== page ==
• Keep Your Cell Ready – As soon as your flight cancellation is announced, quickly ring the airline or your travel agent as booking a new flight can prevent you from getting stuck at the airport in the first place.
  • Get A Business Lounge Day Pass – Many airports now offer one-day passes to their business lounges for a nominal fee, which means access to a business center equipped with desks, dataports, computers, wireless hot spots, or even old-fashioned faxes. Some lounges even have showers.
  • Look Beyond The Gate – If you don’t need to camp out right at your gate, consider relocating to one of the less busy eateries in the terminal, where you’re more likely to find an available electrical outlet.
  • Pamper Yourself – If you’ve got the time and money, most major airports have reasonably priced services for massages, facials and haircuts to help the time go by a little more pleasantly.
  • Stock Up On Supplies – Most airport concessions close before midnight, so if you’re stuck overnight, make sure you stock up on enough food and drink to last the night.
  • Practice Safe Napping – If you have to take a nap, put your feet atop the laptop bag.  Stick cash and credit cards in your shoe or in the pocket of your pants. When you do leave your temporary workspace, make sure to check the area in case you forget a coat or hat.
  • Network – Getting cancelled can actually mean a great opportunity to network and make connections with fellow business travelers. Carry extra business cards just in case.

Have you tried any of these tips before?  Share with us some of your experiences handling flight cancellations or delays at airports.  Stay warm everyone!

Week In Review

Do you have a favorite airline for business trips? Forbes shares the best airlines for business travelers in 2015.

Cuba is making a splash in the news lately with the half-century U.S. embargo officially lifted last week. GBTA put together a blog post covered in this Successful Meetings article with background materials and links to information to help you better understand these recent developments and the potential impact to your company. Joe Sharkey of The New York Times writes that while Cuba may be opening, business travel remains limited. The Economist’s Gulliver business travel blog agrees adding that the clear win for business travelers in this scenario is closer ties to Cuba’s Latin American neighbors.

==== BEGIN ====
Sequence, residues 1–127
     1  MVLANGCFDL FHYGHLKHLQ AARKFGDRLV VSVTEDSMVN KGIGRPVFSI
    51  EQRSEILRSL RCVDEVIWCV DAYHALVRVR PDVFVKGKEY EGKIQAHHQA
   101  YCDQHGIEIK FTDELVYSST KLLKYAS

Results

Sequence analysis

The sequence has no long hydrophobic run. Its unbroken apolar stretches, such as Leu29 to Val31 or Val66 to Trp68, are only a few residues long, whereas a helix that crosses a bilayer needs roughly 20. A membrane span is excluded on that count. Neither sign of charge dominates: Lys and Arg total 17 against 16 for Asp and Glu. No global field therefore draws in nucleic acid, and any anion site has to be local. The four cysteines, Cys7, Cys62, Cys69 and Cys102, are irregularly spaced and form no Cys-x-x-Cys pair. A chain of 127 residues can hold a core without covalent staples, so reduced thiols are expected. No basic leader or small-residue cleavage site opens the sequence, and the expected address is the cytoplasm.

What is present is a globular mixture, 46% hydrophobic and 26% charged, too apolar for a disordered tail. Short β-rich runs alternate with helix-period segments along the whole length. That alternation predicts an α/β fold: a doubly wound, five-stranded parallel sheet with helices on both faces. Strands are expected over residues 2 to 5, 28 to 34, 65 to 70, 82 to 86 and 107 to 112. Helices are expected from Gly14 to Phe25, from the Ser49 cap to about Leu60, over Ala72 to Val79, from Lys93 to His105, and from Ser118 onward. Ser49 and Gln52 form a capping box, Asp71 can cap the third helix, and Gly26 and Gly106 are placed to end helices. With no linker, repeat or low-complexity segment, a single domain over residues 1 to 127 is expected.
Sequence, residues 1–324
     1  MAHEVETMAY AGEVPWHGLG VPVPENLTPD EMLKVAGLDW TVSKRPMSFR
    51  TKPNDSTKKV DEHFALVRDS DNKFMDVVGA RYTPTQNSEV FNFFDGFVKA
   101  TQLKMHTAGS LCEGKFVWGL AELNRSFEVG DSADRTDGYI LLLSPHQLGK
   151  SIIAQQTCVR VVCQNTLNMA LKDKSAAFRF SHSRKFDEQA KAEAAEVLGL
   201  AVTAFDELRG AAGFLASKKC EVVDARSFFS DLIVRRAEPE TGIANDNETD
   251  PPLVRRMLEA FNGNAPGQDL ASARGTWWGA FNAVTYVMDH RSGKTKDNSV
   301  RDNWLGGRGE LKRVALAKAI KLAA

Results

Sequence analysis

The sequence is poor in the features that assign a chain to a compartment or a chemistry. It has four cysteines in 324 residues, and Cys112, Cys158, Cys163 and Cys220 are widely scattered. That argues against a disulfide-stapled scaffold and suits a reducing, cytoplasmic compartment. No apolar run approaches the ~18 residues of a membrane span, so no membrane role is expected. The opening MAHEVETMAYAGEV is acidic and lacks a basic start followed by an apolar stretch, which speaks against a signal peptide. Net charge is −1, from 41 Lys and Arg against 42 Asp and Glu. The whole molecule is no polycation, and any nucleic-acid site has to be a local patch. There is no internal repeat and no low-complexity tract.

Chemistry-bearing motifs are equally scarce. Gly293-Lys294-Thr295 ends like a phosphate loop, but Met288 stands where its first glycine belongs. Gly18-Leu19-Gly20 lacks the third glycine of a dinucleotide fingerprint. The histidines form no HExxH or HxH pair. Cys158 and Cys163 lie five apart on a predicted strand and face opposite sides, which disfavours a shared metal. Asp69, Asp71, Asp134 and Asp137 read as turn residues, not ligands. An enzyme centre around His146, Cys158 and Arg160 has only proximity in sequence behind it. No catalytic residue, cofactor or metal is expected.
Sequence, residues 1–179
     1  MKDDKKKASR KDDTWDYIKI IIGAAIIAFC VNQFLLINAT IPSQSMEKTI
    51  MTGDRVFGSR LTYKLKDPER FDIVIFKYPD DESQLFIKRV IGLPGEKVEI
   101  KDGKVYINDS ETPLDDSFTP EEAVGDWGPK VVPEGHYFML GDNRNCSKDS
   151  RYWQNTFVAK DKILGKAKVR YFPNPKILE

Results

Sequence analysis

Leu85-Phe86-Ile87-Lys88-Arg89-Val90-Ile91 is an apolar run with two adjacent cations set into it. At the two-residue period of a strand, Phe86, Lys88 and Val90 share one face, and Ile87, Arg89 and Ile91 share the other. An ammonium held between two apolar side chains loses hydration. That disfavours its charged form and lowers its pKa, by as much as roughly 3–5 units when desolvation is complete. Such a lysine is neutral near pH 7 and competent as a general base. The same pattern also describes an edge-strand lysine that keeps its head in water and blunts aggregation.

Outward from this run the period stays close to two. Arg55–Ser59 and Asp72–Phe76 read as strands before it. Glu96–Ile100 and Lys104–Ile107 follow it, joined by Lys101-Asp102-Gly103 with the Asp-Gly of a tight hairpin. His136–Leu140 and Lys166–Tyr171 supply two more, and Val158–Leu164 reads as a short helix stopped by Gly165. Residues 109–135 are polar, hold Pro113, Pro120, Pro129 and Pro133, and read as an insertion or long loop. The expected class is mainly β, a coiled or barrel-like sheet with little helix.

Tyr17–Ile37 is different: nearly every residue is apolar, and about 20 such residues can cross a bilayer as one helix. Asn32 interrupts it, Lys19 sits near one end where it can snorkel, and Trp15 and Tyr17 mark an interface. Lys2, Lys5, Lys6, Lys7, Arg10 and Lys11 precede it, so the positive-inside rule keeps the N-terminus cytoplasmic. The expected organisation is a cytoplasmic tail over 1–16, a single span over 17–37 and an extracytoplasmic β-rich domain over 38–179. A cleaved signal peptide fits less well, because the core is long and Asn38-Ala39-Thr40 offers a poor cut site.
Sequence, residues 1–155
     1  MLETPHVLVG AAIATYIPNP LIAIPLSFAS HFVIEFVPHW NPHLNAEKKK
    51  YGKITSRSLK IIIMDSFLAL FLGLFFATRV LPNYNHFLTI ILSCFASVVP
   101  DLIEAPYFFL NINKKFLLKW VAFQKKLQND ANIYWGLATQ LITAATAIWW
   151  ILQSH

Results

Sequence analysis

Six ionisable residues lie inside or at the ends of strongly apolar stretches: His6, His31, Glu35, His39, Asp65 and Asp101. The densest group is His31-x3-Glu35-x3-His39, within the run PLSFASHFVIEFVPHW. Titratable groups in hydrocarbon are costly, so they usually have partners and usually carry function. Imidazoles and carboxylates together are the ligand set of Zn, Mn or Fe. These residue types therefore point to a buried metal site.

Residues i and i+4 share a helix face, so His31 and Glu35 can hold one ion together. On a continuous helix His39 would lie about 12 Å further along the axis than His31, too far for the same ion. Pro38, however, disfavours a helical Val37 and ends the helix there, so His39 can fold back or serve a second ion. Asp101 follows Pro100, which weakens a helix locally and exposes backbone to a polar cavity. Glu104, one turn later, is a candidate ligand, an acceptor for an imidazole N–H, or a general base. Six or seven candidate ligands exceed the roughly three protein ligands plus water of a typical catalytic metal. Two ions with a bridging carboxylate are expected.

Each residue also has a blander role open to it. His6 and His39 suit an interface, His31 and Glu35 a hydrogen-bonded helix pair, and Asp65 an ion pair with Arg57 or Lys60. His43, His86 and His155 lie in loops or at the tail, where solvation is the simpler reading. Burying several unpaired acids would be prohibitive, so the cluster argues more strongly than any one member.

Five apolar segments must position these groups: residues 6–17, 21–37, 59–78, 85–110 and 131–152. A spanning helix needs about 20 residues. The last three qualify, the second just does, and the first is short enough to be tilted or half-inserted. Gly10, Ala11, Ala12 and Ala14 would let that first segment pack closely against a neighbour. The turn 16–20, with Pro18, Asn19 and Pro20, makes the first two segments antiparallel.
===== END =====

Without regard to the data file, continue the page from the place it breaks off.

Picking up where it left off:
Joseph Fischer writes in 4Hoteliers that hotels in major European cities need to be vigilant and ready as it’s better to be safe than sorry in the wake of the Paris terror attacks. According to the Washington Post, some members of Congress were sounding were sounding alarm bells even before the attacks about Islamic State militants using Western passports to enter the United States in an attempt to undermine the Visa Waiver Program. The benefits outweigh the fears though, the editorial board says, as this program isn’t about letting America’s guard down and has in fact compelled other countries to improve their security game and share more information with the United States.

Last week, USA Today covered GBTA’s quarterly U.S. business travel forecast showing business travel is rebounding into record territory as U.S. companies are projected to spend more than $310 billion on business travel in 2015. The report also says plummeting fuel prices just may lead to lower airfares in 2015. For example, Virgin Australia announced it has cut some long haul air fares, partly because of falling fuel prices. It remains to be seen if others will follow suit.